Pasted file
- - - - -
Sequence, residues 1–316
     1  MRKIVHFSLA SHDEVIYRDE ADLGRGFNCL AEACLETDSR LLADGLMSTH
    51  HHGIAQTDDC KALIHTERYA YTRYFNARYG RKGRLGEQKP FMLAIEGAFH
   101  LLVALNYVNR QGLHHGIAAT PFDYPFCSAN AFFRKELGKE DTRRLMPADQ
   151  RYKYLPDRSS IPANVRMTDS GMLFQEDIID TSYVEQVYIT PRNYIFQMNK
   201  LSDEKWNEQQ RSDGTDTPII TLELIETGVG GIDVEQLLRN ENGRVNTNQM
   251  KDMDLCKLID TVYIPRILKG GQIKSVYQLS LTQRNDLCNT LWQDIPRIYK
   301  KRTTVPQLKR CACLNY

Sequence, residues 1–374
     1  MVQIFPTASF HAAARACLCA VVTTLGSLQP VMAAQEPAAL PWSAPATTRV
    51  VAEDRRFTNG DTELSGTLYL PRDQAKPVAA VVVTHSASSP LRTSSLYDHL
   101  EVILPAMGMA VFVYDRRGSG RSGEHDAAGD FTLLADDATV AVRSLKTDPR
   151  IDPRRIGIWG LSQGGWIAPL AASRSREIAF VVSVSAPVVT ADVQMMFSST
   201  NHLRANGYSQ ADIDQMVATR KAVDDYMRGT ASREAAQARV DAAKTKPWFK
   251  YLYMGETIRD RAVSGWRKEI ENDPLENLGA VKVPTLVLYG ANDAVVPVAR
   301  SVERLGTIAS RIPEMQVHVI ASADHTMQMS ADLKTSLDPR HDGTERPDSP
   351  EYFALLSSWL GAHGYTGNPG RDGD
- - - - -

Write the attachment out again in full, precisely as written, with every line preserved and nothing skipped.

Sequence, residues 1–316
     1  MRKIVHFSLA SHDEVIYRDE ADLGRGFNCL AEACLETDSR LLADGLMSTH
    51  HHGIAQTDDC KALIHTERYA YTRYFNARYG RKGRLGEQKP FMLAIEGAFH
   101  LLVALNYVNR QGLHHGIAAT PFDYPFCSAN AFFRKELGKE DTRRLMPADQ
   151  RYKYLPDRSS IPANVRMTDS GMLFQEDIID TSYVEQVYIT PRNYIFQMNK
   201  LSDEKWNEQQ RSDGTDTPII TLELIETGVG GIDVEQLLRN ENGRVNTNQM
   251  KDMDLCKLID TVYIPRILKG GQIKSVYQLS LTQRNDLCNT LWQDIPRIYK
   301  KRTTVPQLKR CACLNY

Sequence, residues 1–374
     1  MVQIFPTASF HAAARACLCA VVTTLGSLQP VMAAQEPAAL PWSAPATTRV
    51  VAEDRRFTNG DTELSGTLYL PRDQAKPVAA VVVTHSASSP LRTSSLYDHL
   101  EVILPAMGMA VFVYDRRGSG RSGEHDAAGD FTLLADDATV AVRSLKTDPR
   151  IDPRRIGIWG LSQGGWIAPL AASRSREIAF VVSVSAPVVT ADVQMMFSST
   201  NHLRANGYSQ ADIDQMVATR KAVDDYMRGT ASREAAQARV DAAKTKPWFK
   251  YLYMGETIRD RAVSGWRKEI ENDPLENLGA VKVPTLVLYG ANDAVVPVAR
   301  SVERLGTIAS RIPEMQVHVI ASADHTMQMS ADLKTSLDPR HDGTERPDSP
   351  EYFALLSSWL GAHGYTGNPG RDGD